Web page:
Telemedicine used as first line of defense to assess flu systems


LAS VEGAS (KLAS) — Telemedicine could be the first line of defense in reducing the number of coronavirus cases. Doctor On Demand, a virtual doctor service, allows you to see a board-certified physician from the comfort of your own home using a mobile phone app.

With Clark County recently announcing its first ‘presumptive positive’ case of coronavirus, 8 News NOW spoke with Dr. Ian Tong of Doctor On Demand to discuss how patients can see a doctor without leaving their home.

Many are concerned they may have been exposed to the Clark County resident who tested positive for the virus and want to know what to do next to ensure the safety of their family and community.

Dr. Tong explained that Doctor On Demand has created an assessment tool based on CDC guidelines to prepare the public in case they are exposed to the virus.

The assessment is designed to take less than two minutes and provide personalized prevention recommendations based on the answers given.

The recent SNHD announcement has made telemedicine the perfect use case assessing your condition without putting others at risk or exposing yourself to those sicker than you, not knowing that symptoms of the coronavirus are similar to the flu.

In addition to frequent and thorough hand washing, to reduce the risk of contracting the virus, Dr. Tong encouraged residents to avoid large gatherings when possible along with non-essential travel to countries or areas where cases of the coronavirus have been identified.

Following these steps would allow a person to do their part to prevent the spread of the disease.

Dr. Tong emphasized that preventative measures are not focused on young individuals who may get the coronavirus and recover, but more for those with decreased immunity.

According to Dr. Tong, it is reasonable for the general public to hold off on wearing masks since the virus is not widespread. He added that if you are sick and need to leave your home, then wearing a mask can help prevent spreading sickness.

Dr. Tong answered viewer questions related to coronavirus prevention and treatment in a live interview on the 8 News NOW Facebook page. See a portion of the interview here. Questions covered are below and on the Doctor on Demand website.

What is COVID-19?

COVID-19 is a newly discovered strain of coronavirus. Coronaviruses are a large family of viruses that are common in many different species of animals as well as humans.

What are the symptoms?

Common signs of COVID-19 include coughing, respiratory symptoms, fever, and shortness of breath. Body aches, runny nose, sore throat, nasal congestion or diarrhea are also possible.

Who are high-risk patients if infected with COVID-19?

Groups of people with decreased immunity, high blood pressure, heart disease, chronic lung disease, kidney disease, diabetes or women who are pregnant may experience more severe illness and are at a higher risk.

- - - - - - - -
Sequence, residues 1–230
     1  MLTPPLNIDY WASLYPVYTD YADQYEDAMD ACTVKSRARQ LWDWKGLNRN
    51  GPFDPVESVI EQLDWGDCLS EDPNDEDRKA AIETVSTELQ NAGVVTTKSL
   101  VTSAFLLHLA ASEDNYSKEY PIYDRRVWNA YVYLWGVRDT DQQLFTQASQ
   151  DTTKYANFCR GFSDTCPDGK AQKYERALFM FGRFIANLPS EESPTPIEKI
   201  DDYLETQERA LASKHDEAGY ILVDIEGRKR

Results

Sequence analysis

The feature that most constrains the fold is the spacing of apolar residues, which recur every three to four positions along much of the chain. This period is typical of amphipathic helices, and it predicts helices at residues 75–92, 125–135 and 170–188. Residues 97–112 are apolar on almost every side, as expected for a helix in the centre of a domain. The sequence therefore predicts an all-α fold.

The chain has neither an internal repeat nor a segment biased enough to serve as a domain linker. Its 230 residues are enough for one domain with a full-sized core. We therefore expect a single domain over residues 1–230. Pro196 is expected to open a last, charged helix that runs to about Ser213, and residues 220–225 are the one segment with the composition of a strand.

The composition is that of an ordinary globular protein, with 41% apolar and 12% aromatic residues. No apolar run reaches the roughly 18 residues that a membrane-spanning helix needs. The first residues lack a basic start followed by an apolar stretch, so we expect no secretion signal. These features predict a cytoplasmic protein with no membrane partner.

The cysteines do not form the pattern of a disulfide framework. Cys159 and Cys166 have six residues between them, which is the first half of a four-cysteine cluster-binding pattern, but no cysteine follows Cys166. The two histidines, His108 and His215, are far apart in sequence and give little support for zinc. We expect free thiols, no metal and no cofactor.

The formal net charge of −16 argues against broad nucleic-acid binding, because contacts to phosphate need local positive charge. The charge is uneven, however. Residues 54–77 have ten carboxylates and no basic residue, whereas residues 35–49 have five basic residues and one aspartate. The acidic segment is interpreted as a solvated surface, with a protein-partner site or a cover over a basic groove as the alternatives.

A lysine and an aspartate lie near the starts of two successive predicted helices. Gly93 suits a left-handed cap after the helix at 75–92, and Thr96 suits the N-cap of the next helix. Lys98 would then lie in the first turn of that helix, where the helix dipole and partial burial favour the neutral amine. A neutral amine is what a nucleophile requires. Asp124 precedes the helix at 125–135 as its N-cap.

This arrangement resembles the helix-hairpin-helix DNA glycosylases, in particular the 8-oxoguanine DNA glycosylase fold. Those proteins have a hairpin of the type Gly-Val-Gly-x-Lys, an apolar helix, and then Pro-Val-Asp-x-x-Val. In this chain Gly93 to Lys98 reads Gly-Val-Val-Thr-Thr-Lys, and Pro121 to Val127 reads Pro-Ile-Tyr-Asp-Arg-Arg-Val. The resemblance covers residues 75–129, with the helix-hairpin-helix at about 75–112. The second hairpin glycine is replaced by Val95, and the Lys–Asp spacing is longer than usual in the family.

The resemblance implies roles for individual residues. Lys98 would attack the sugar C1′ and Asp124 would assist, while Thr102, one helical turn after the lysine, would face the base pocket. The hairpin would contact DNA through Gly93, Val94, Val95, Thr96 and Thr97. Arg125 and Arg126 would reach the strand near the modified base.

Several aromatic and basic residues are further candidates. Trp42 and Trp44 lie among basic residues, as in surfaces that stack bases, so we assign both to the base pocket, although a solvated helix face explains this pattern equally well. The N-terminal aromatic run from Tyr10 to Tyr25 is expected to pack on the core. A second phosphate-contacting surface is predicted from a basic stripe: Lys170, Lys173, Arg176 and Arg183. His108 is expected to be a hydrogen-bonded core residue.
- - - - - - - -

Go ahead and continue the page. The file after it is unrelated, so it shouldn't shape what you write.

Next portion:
How is COVID-19 spread?

Based on people who have been diagnosed with COVID-19 coronavirus, modes of transmission include person-to-person by respiratory droplets from sneezing, coughing and close personal contact such as touching or shaking hands. The virus can also be spread by contact with a surface or object that has the virus on it, followed by touching one’s own mouth, nose, or eyes.

Should I be worried about the coronavirus?

With recent reports of novel coronavirus infection, it is difficult not to feel some level of anxiety about the virus. The immediate health risk though is currently low for the general American public who are unlikely to have been exposed to the virus.

What should I do if I’ve had contact with someone with coronavirus?

If you’ve had contact or been in a confined space with someone who has coronavirus, it is important to seek medical evaluation. Your specific risk will depend on the type of contact you had with the individual.

What is the difference between the coronavirus and the flu?

Symptoms of the coronavirus and the flu virus can overlap, so it’s important to understand the facts to seek the right treatment.

Both viruses cause fever, cough, body aches, fatigue and sometimes vomiting and diarrhea. Severe cases of both viruses can lead to pneumonia and can even cause death.

The key differences to look out for are known exposure to someone who has been diagnosed with either influenza or COVID-19, so your travel history during the 14 days before your symptoms began is important in differentiating whether your symptoms are likely to be due to the flu versus COVID-19.

Although the viruses have similar symptoms, they are caused by different viruses which means that the antiviral treatment available for the flu does not work for COVID-19.

To protect against the spread of the flu, a vaccine is available to prevent and reduce the severity of the flu. For COVID-19, no vaccine is available at this time, but this is something that scientists are working on. 

The novel coronavirus disease COVID-19 has led to an outbreak of respiratory illness around the world, with more cases likely to be identified in the coming days, according to the CDC.

For more information or to schedule a virtual doctor visit click the Doctor On Demand website link here:

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